Lauren’s father is rarely referred to by name, and we never learn his first name. He is an African-American Baptist minister, college professor, and dean, who works at a college near his gated community in Robledo, California. He is a leader of the community and is ashamed of the fact that his ex-wife, Lauren’s mother, was a drug addict. His second wife, Cory, is a teacher. Together, they have four sons: Keith, Marcus, Gregory, and Bennett. Reverend Olamina is a wise, kind, and fair person. He has an exceptionally close relationship with Lauren, who calls him “the best man I know.” However, he also has limitations, which mainly lie in his resistance to confronting reality and wishful thinking about the world going back to the way it once was. One day, the reverend goes to work and never comes back. After a week of searching, he is presumed dead. Lauren’s mourning is made worse by the uncertainty of not knowing what happened to him.
The timeline below shows where the character Lauren’s Father (Reverend Olamina) appears in Parable of the Sower. The colored dots and icons indicate which themes are associated with that appearance.
...a city 20 miles away from Los Angeles that was once “unwalled” and “green.” After Lauren’s father ’s parents were murdered in 2010, he inherited their house, where he and his family... (full context)
...open wounds, and festering sores, which makes it difficult for Lauren to be around them. Lauren’s father believes that she can choose to overcome her “hyperempathy” syndrome, and though Lauren admits that... (full context)
...candidates, Christopher Morpeth Donner, has promised to eradicate the space program if he is elected. Lauren’s father agrees with this policy and plans to vote for Donner. Lauren believes that space is... (full context)
...of Lauren’s neighborhood robbed Mrs. Sim’s house in the aftermath of her death, even after Lauren’s father assures them that they are a small community who depend on one another and thus... (full context)
...writes that Joanne told her mother about their conversation, and that the news got to Lauren’s father . Lauren is furious, but grateful that they at least didn’t discuss religion (though she... (full context)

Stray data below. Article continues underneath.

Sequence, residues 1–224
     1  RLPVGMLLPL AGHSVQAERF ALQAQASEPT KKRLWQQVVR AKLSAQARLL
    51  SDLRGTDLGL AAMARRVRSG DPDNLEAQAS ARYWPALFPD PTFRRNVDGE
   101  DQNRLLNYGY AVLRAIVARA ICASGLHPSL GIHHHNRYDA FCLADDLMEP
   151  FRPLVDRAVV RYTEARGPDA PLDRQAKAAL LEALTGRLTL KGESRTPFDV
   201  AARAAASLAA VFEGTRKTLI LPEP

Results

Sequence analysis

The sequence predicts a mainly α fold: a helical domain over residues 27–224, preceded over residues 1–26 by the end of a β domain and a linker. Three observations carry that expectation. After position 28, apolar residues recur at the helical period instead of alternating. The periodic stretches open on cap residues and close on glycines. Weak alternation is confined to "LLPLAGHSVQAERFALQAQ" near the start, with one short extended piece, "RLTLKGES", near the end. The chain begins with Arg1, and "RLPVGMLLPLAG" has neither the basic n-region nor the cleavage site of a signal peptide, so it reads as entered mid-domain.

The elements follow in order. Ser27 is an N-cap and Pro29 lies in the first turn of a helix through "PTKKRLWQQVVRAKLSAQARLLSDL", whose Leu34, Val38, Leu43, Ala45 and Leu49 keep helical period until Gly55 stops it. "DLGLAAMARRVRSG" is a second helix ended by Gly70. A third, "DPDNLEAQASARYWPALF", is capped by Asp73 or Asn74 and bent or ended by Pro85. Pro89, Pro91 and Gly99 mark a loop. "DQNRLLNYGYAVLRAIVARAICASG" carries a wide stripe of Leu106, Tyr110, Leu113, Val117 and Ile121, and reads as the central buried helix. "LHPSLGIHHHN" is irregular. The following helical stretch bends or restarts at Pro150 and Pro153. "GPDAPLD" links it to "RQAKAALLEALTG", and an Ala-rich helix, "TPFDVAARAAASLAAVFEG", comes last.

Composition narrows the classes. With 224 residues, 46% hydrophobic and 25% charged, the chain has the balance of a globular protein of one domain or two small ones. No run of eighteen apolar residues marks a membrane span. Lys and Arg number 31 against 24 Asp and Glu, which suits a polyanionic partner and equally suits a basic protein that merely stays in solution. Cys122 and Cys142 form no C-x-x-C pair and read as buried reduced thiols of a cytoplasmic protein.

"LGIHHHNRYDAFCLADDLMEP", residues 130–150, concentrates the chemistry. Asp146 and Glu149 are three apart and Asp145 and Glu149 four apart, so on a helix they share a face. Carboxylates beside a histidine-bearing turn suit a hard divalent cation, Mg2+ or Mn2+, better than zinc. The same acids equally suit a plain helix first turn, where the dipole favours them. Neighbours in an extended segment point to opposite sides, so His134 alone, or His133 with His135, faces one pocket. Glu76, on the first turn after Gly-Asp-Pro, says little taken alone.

...watch becomes official. Once a week, the watchers meet for shooting and martial arts practice. Lauren’s father takes all his books back from her, but she doesn’t mind as she has already... (full context)
...that opens this chapter states that “all struggles are essentially power struggles.” On Keith’s birthday, Lauren’s father and Cory give him a BB gun. Keith shoots birds, threatens to shoot Marcus, and... (full context)
Two days later, Keith reappears without a scratch, wearing new clothes and shoes. Lauren’s father immediately destroys the BB gun, before viciously beating Keith. Afterward, Keith cries while Cory holds... (full context)
...the seventh “incident” since Keith’s death, and Lauren notes the irony of the fact that her father and Cory have been giving money to the victims from the money Keith gave them—“stolen... (full context)
...goes into her own bedroom, which is completely destroyed. She quickly bundles together clothes from her father ’s room, taking other items such as dental floss, soap, and petroleum jelly. She also... (full context)
...during the Black Liberation movement of the 1960s. Bankole is 57, one year older than Lauren’s father . While they are talking, Bankole hears shouts from inside a semi-collapsed house. They approach... (full context)